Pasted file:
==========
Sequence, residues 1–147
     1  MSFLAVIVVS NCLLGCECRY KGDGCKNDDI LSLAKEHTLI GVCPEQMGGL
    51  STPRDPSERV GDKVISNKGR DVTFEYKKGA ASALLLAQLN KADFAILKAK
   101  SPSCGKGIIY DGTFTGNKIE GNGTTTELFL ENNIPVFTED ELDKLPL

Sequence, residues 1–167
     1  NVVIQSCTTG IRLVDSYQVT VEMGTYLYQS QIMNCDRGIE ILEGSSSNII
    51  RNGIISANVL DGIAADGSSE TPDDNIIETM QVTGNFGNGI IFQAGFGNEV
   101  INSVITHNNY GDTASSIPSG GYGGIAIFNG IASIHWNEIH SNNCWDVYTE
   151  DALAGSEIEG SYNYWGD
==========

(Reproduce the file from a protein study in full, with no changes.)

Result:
Sequence, residues 1–147
     1  MSFLAVIVVS NCLLGCECRY KGDGCKNDDI LSLAKEHTLI GVCPEQMGGL
    51  STPRDPSERV GDKVISNKGR DVTFEYKKGA ASALLLAQLN KADFAILKAK
   101  SPSCGKGIIY DGTFTGNKIE GNGTTTELFL ENNIPVFTED ELDKLPL

Sequence, residues 1–167
     1  NVVIQSCTTG IRLVDSYQVT VEMGTYLYQS QIMNCDRGIE ILEGSSSNII
    51  RNGIISANVL DGIAADGSSE TPDDNIIETM QVTGNFGNGI IFQAGFGNEV
   101  INSVITHNNY GDTASSIPSG GYGGIAIFNG IASIHWNEIH SNNCWDVYTE
   151  DALAGSEIEG SYNYWGD